The Little Stranger review: One of the most original British horror films of recent times

The Little Stranger is one of the most original British horror films of recent times – although whether it can really be classified as horror is a moot point. Based on the novel by Sarah Waters, this is a story about class, envy and self-loathing.

It is set in the austerity-era Britain of 1948, when the country was in debt and drained of colour and when the old aristocracy was on its knees. Beautifully directed by Lenny Abrahamson, the film evokes this period in a way that is both nostalgic and frequently chilling

Domhnall Gleeson plays the youngish Dr. Faraday, an aloof and diffident figure who has opportunities in Clement Attlee’s Britain that would have been denied him before the war. He is from a very humble background, the son of a housemaid, but has risen up the social scale and is now a fully qualified country doctor. [ . . . ]

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Film review: Peterloo is a massacre that speaks to today

A new film about the tragedy is ‘purest Mike Leigh in the best sense’ and ‘should resonate in the present, writes critic Caryn James.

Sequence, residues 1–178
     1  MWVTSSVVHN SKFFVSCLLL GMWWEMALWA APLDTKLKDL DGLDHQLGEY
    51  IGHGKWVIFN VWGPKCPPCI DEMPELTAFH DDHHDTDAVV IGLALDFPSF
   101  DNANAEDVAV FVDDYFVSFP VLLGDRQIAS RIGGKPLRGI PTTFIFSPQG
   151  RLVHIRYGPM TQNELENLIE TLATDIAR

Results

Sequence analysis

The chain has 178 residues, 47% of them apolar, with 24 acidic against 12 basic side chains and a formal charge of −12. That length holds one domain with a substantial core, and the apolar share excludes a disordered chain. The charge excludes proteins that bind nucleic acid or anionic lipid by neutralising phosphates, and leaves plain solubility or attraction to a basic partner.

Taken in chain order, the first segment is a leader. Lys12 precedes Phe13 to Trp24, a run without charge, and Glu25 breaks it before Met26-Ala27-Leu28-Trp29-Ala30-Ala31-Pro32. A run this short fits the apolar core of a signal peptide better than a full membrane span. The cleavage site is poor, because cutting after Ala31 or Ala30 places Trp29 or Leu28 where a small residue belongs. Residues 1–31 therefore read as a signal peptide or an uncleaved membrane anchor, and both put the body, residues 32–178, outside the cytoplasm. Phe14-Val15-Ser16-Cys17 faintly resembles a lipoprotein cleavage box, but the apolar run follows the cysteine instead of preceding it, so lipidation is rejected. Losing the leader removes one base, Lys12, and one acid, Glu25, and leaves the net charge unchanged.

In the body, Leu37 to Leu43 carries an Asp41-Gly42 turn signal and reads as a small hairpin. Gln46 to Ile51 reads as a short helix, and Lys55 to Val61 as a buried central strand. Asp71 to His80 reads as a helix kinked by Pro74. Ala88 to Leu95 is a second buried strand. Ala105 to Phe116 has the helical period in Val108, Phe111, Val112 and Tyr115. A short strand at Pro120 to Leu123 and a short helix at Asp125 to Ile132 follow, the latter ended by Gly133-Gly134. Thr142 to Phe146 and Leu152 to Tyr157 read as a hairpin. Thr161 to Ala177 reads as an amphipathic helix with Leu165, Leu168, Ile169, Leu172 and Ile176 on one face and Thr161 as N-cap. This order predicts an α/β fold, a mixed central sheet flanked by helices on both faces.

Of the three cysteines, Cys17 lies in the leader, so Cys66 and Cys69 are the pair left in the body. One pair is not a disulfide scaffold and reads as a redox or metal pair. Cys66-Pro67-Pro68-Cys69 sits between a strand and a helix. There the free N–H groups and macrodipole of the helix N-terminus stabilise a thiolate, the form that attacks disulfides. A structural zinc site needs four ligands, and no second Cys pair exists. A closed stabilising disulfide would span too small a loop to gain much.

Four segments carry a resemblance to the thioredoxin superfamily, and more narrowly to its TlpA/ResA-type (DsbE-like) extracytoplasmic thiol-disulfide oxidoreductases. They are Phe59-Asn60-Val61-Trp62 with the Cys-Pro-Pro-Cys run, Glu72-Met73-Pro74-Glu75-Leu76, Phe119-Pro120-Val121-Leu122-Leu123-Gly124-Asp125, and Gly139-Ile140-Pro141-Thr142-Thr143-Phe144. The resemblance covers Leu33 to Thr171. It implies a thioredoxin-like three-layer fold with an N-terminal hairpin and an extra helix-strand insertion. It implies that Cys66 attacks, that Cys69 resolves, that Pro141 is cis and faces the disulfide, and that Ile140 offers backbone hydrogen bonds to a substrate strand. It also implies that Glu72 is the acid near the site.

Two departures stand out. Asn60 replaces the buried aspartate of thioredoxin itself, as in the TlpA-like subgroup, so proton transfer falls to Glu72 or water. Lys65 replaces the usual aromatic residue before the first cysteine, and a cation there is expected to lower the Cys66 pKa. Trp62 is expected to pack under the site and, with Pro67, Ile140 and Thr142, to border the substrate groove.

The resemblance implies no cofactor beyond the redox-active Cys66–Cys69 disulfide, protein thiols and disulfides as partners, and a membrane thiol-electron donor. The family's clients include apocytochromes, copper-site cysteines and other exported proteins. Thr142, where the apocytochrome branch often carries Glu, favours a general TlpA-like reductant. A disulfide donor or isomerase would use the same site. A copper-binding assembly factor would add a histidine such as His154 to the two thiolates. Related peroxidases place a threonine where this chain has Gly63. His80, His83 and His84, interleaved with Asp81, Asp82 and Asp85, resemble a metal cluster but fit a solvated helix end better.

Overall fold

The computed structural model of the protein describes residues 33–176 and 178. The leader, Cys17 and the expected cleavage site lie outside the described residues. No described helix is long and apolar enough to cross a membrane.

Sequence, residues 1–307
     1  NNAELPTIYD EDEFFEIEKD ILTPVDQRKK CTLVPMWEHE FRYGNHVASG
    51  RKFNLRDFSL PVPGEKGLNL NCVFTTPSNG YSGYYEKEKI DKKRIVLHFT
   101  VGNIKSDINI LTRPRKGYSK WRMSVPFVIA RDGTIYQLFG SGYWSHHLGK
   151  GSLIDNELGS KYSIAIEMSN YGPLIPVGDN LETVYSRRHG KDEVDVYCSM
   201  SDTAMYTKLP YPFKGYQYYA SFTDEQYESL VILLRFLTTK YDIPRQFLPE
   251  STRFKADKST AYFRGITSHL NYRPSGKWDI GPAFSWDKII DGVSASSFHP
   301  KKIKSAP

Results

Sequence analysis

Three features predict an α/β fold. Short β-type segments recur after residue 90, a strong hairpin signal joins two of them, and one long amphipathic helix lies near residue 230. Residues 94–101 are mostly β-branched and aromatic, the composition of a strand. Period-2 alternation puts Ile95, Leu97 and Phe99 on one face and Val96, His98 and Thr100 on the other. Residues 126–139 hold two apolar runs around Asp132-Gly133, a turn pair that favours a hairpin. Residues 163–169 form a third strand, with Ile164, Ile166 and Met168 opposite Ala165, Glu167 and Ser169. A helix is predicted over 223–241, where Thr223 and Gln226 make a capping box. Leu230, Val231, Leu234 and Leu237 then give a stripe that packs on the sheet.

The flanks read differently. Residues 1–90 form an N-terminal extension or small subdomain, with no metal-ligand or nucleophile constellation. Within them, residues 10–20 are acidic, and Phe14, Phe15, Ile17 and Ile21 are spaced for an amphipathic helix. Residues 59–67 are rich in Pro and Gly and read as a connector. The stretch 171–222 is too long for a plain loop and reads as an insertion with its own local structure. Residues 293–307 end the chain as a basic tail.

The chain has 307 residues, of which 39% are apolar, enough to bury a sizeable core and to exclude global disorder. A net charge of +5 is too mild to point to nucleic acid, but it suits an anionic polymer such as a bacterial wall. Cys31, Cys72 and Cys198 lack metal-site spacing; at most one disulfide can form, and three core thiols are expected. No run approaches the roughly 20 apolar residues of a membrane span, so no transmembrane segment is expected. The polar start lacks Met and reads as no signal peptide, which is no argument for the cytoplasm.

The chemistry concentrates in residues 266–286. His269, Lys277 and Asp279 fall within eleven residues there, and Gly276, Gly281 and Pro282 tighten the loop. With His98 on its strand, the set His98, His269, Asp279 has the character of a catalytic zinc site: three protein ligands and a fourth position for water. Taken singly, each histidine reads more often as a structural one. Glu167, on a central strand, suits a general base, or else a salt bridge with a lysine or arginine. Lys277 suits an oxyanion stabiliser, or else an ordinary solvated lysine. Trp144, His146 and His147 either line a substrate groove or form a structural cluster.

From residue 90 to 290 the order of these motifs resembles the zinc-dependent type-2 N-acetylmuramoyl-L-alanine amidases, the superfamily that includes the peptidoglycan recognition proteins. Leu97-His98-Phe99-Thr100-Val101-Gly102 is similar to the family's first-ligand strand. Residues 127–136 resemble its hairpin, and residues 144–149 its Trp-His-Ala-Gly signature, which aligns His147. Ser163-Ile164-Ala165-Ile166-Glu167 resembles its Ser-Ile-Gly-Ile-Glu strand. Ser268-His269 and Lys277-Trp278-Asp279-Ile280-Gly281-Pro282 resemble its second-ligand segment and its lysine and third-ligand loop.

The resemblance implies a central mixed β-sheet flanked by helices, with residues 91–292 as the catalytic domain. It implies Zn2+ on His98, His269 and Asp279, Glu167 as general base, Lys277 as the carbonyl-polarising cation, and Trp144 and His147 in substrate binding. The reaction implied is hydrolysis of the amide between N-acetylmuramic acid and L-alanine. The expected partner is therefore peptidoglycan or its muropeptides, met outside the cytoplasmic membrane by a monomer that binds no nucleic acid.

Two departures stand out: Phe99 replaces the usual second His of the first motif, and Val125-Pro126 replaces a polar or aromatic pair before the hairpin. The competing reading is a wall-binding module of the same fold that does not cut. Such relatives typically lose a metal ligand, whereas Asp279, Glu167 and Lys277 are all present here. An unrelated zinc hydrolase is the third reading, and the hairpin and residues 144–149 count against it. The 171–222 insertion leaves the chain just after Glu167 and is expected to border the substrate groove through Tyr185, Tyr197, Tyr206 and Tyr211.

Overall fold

Mike Leigh’s Peterloo builds toward a vibrantly realised moment based on British history. In 1819, when Manchester, England had no representative in parliament and the local economy was in shambles, 60,000 people gathered in St Peter’s Field for a peaceful demonstration, waving colourful banners and waiting to hear speakers for their cause. Before it had even started, the army was planning to shut the protest down.

On screen, soldiers on horseback wielding sabers tear through the crowd, slashing at anyone in their path: men, women and children. Leigh immerses viewers in the scene, lucidly carrying us into the crowd and its terrifying chaos. He tracks specific characters we have come to know as they cower from the riders or search for family members who have vanished from sight. In reality, 15 people were killed and hundreds injured. Some of the film’s fictional characters share their fate. Journalists of the day called the event the Peterloo Massacre, an allusion to Waterloo’s wartime carnage.